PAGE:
Inside Tony Hsieh’s Quiet Plan to Bankroll Hardware Startups
(Page 2 of 2)
Romotive, one of the more prominent young companies backed by Hsieh’s venture fund, and Kickstarter, the crowdfunding website that has been a key factor in helping new gadget companies get off the ground.
In an interview with the Wall Street Journal, Hsieh said he first found out about Romotive by randomly reading one of Kickstarter’s e-mails highlighting projects on the site, back in 2011 when Romotive was trying to collect about $30,000 in pre-orders.
That campaign ended up bringing in more than $100,000 and, more importantly, helped Romotive land a $1.5 million seed round from Hsieh and other backers. The startup moved from Seattle, where it had been part of the TechStars program, to Las Vegas as part of Hsieh’s larger effort to build a startup community and revitalize a part of the gambling mecca’s downtown.
Early last year, Romotive concluded that it needed to relocate once again, moving to the San Francisco Bay Area so it could be closer to the engineering talent that would be needed to expand the company further. McCabe, who stayed in Las Vegas, wanted to put her hard-won experience in early stage hardware to use—and soon enough, she was wading through hundreds of startups, looking for potential investments for Hsieh’s venture fund.
Although Hsieh’s larger project is focused on building up Las Vegas, hardware companies don’t have to move to Sin City if they get a check from Nimbus. The Vegas Tech Fund does want its companies to come to town periodically, however, helping to contribute to the community by talking at local schools, for instance.
Startups can reap some benefits from their trips to Hsieh’s headquarters, too. In October, McCabe says, the fund had a four-day summit with founders and mentors, meant to help scrappy startup teams get a head start on some of the hurdles inherent in making real-world products that often require far-flung manufacturing and supply chains.
“I want other hardware companies to not have to make the same mistakes that we had to [at Romotive], to not have to go through this utter morass of trying to figure out manufacturing to make 1,000 of something,” she says. “One of the biggest needs these startups have is, `Who has done this before and how do I get access to them?’ These are people we’re on a first-name basis with.”
Nimbus is certainly entering the scene at a heady time for hardware startups. Accelerator programs focusing on robotics, connected devices, and assorted gadgetry have been cropping up from coast to coast—Bolt in Boston, the TechStars-affiliated R/GA Accelerator in New York, and Lemnos Labs and Highway 1 in the San Francisco area—not to mention international efforts like Shenzhen, China-based HAXLR8R.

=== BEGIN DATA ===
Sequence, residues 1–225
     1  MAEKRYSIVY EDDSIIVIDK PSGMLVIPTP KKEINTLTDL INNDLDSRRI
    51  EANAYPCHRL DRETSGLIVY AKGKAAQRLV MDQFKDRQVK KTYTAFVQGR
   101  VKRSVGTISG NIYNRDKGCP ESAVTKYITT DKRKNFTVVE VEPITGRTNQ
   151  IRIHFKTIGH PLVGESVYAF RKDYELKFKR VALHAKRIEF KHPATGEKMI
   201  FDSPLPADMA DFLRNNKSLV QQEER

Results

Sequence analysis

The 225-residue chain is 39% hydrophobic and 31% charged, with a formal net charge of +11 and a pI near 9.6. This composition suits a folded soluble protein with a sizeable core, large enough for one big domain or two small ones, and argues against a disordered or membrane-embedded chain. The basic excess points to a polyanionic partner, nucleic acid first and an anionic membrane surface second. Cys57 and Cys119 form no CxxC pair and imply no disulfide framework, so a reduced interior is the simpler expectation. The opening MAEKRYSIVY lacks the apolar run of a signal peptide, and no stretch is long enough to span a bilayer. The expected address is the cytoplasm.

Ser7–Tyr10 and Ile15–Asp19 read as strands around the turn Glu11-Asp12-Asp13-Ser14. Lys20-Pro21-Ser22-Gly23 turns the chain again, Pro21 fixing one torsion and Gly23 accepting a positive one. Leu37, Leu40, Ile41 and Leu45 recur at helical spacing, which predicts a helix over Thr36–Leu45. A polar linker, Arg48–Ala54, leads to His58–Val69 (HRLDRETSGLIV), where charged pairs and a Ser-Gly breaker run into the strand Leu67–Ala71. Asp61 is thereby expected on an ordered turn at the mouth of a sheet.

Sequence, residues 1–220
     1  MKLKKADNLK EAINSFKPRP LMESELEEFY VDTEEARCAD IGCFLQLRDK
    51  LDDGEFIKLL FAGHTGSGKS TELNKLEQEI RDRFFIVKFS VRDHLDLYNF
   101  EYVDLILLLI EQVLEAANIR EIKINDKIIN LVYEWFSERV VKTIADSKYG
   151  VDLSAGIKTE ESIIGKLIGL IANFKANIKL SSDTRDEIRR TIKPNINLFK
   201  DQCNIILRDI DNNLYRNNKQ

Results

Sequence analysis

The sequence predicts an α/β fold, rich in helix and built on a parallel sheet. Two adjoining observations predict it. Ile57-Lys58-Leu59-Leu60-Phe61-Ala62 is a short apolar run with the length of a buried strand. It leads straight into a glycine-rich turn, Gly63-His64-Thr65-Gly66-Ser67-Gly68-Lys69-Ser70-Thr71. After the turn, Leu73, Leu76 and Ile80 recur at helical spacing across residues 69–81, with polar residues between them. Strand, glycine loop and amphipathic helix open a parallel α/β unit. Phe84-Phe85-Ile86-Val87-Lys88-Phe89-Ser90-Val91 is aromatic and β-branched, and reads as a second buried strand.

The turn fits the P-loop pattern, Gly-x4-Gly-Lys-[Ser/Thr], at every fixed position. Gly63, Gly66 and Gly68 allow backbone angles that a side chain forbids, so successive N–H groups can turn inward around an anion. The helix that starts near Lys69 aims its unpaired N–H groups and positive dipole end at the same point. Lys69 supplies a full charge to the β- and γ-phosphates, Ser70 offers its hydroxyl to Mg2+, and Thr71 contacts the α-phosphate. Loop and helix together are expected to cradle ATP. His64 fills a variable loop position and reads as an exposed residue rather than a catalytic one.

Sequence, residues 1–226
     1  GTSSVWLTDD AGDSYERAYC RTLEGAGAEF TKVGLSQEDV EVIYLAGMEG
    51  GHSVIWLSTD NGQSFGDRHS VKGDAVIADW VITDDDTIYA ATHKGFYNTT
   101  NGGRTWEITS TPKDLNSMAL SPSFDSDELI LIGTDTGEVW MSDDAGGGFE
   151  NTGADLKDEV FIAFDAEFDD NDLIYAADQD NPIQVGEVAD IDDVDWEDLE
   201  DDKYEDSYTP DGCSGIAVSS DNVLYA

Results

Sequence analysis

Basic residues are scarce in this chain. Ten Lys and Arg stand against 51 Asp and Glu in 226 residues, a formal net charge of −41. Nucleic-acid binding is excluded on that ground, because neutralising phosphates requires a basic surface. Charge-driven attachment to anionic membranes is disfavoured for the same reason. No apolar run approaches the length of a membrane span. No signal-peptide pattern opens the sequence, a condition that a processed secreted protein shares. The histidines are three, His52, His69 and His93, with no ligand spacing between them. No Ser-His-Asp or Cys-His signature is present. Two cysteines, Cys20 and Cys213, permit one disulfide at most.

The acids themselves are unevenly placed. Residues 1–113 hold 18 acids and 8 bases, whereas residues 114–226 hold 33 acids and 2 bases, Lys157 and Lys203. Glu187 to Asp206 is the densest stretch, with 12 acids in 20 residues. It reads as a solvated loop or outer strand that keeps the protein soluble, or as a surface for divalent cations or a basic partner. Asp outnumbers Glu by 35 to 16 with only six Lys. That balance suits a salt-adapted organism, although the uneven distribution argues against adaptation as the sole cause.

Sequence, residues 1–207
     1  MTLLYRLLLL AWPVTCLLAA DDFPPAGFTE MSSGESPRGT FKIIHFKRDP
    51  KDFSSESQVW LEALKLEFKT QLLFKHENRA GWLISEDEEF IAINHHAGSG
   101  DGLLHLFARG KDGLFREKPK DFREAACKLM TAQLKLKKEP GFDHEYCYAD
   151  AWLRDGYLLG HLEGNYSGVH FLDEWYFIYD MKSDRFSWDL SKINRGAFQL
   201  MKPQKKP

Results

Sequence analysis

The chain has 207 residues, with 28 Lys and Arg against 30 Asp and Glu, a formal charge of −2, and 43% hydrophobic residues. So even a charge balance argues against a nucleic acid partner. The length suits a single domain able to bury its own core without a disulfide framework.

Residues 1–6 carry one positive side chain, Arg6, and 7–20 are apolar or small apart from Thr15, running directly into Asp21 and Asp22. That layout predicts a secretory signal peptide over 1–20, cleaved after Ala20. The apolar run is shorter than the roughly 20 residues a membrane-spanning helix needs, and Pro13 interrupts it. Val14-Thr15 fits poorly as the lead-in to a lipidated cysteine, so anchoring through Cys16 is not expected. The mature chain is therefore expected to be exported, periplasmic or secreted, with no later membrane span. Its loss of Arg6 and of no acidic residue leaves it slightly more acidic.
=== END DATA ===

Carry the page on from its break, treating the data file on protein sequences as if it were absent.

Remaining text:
Kickstarter has continued to be a hotspot for hardware entrepreneurs, with connected devices contributing in a big way to the $480 million pledged by some 3 million people using the site last year. Competitors also have sprouted up, such as Boston-based manufacturing consultant Dragon Innovation’s new hardware-specific crowdfunding site.
Despite all of that enthusiasm, some traditional startup investors are still wary of hardware businesses. Some reluctance is probably warranted—even the poster boys for the new era of hardware entrepreneurship have found roadblocks to building really big businesses. As the hardware investors at True Ventures wrote in an exhaustive recap, “these startups are not for the faint of heart. Innovation curves are longer in hardware, and you’re dependent upon a huge host of suppliers and partners.”
Pebble, the Kickstarter star that generated more than $10 million in pre-orders for its smartwatch, had to deal with plenty of manufacturing delays once it started digesting the unexpected flood of consumer interest. Others, like Boston-area 3D printer startup Formlabs and Bay Area-based connected-home superstar Nest, have hit legal roadblocks with patent lawsuits from established competitors.
McCabe says it’s clear that the new rules for building electronics companies are still being written. But, she says, “eventually, it’ll be as easy to start a hardware company as it is to start a software company.”
“We’re going to see many more of these small, artisanal makers become manufacturers of consumer products that hundreds of thousands of people know and love,” McCabe says. “It’s honorable work to build something that goes into someone’s home and lives in their presence. There’s this tie to their life that you don’t have if you’re building software.”